Note: This preview uses pre-release components and rules. What you see here may be different from the final, published game.
Camelot is under attack and the forces of the noble King Arthur are facing off against the nefarious Sir Mordred. You must choose your side and hope that your knights can bring your people to victory. That’s the theme behind Guile, a Medieval memory card game for 2 players. This new offering to the micro game genre takes about 20 minutes to play and is produced by Terra Nova Games.
Guile will be played over a series of 2-3 rounds. Each round a player must maneuver his influence cards to try and give themselves the most points. After each round, the influence cards are flipped face up and the points are totaled. The player with the most points claims a treasure card. Collect two treasure cards and you will be the victor.
How to Play:
Like most games in the micro game genre (love letter, coup), Guile is easy to learn and quick to play. Once each player has chosen a side and the knights laid out, it’s time to play. Each player is dealt 4 of the 10 influence cards (the other 2 are set aside). They then place a card face down on each of their 4 knights.
The round starts with one of the knights being chosen the knight-errant. Whoever is the controlling player for that knight has two action choices:
1. Look at the facedown influence card
2. Swap that card with any other card (no looking).
After that, the next knight in the circle becomes the knight-errant. After the round marker has moved back to the original knight-errant the center card is flipped and one more round takes place in the same manner.
Once that round is finished the influence cards are flipped over and the scores totaled. Whoever has the most points claims the treasure card. Influence cards are then dealt out again and another round progresses. Once a player has claimed 2 of the treasure cards they are the winner.
I must admit, Guile wasn’t a game that I immediately “got”. I’m not sure what I was expecting on my first play through, but Guile isn’t a game that hits you over the head with excitement. There wasn’t much trash talk or crazy moments during our plays of Guile. It wasn’t until later that I realized that it was because we were both concentrating on what we needed to do.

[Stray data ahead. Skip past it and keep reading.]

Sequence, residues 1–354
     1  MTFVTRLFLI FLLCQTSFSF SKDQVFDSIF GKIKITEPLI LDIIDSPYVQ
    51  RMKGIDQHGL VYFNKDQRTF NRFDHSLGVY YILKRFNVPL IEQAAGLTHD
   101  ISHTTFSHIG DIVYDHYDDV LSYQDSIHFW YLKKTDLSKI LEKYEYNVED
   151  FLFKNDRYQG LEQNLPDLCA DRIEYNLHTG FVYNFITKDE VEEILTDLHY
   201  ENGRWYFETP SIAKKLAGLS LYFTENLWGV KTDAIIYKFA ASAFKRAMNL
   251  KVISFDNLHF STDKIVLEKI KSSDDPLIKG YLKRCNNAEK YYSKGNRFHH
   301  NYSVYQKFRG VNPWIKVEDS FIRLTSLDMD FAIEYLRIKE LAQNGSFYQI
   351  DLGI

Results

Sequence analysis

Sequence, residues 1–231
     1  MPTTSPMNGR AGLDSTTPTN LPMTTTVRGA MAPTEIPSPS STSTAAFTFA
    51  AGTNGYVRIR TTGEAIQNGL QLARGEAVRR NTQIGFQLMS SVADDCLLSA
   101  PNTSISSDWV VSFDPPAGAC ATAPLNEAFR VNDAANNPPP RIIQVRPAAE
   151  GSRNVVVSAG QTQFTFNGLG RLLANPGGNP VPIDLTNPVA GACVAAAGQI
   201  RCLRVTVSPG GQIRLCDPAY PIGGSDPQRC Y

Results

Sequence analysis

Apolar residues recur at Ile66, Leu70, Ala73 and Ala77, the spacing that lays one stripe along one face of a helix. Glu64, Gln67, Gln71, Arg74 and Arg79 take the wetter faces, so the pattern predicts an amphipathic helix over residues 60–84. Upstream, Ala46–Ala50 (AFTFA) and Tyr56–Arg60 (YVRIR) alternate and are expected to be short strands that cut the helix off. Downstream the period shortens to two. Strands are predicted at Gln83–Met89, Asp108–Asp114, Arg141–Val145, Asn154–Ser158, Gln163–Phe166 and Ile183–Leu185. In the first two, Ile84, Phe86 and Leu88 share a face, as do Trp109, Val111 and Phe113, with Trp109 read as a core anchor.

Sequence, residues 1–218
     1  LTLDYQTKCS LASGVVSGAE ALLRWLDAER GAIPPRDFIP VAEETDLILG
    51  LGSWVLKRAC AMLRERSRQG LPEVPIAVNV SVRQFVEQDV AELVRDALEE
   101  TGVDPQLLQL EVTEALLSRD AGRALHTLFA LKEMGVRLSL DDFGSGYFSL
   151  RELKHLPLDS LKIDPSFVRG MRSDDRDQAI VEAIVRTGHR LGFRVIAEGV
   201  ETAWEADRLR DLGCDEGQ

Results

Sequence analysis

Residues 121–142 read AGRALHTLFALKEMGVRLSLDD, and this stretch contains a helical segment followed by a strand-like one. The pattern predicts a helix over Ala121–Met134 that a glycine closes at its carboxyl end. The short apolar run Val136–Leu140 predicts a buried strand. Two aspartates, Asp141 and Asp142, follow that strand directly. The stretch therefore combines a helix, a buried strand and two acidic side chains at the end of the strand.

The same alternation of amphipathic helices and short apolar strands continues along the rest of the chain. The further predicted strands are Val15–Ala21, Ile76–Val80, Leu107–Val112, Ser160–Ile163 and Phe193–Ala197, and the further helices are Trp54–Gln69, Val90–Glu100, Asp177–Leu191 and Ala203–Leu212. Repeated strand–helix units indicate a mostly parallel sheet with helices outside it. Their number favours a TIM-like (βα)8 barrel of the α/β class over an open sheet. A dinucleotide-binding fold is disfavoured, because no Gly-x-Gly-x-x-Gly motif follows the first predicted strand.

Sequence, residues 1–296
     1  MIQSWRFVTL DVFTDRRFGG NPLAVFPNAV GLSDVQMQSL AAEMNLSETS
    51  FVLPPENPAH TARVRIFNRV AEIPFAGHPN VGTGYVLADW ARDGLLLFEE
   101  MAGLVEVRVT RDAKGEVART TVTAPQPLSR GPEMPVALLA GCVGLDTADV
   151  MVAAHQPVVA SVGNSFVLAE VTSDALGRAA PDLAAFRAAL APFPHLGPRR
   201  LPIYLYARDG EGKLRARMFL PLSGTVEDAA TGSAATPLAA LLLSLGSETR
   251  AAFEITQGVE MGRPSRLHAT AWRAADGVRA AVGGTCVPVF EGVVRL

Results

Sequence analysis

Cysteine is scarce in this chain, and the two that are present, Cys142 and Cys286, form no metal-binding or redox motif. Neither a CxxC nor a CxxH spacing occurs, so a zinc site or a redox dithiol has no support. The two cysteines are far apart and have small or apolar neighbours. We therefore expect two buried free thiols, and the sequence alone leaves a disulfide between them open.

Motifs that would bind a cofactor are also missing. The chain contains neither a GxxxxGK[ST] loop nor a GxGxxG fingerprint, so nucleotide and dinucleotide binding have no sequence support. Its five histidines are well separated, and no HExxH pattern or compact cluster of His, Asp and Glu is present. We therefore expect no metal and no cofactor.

Guile is a game of memory, bluffing and deception. It’s about messing with your opponent and the “meta-game”. As a micro game with very easy to learn rules, I eventually realized the game is more about reading and messing with your opponent than anything else.
The hard part about Guile is you will often feel like you don’t have enough actions to do what you want to do. You have to use your limited options to make your best guesses and try and read your opponent. Your main action is to swap a card. (the other is to look at a card, but most of the time that will equal a pass). So the meta game begins when you start trying to figure out what cards you opponent has. Did they just pass because they have a good card? Did they swap those cards because it’s a bad one? All those questions will go through your mind as you play.
Guile is a different kind of game, its a game about finding out the information you don’t know. If you are looking for a game where you can simply focus only on what actions you need to take, then you are probably not the right person for Guile. However, if this kind of meta-game (deduction and bluffing) sounds like something you’d enjoy, then you will find a lot to love with Guile. Add in the fact that you can play a game in under 20 minutes when you are just in the mood for something different or some deep thought. I think it would appeal to fans of Chess and other abstract strategy games. A game where the path to victory isn’t always obvious.
I should also note that, while the components aren’t final, I did really enjoy the artwork on the cards. The Kickstarter page has more finalized version and I really like the direction they took the illustrations.
Guile is an interesting game and unlike much else I’ve played. I wasn’t excepting the game to be more about figuring your opponent out than figuring out what to do with your cards. Most card games are about the actions you take but sometimes Guile is about the ones you don’t.
While it might not appeal to everyone, if you enjoy games of bluff, deception and trying to read your opponent, then you will have a great time Guile. The micro game genre has really taken off of late and I think Guile is a good game to fill its unique niche.
If you are interested in checking it out, it’s currently in funding on Kickstarter and scheduled for delivery to backers in October of 2013. You have until Thursday, July 11th to become a backer so head over today.
As always, we don’t post ratings for preview copies as the components and rules may change from the final game. Check back with us after the game is produced for a full review.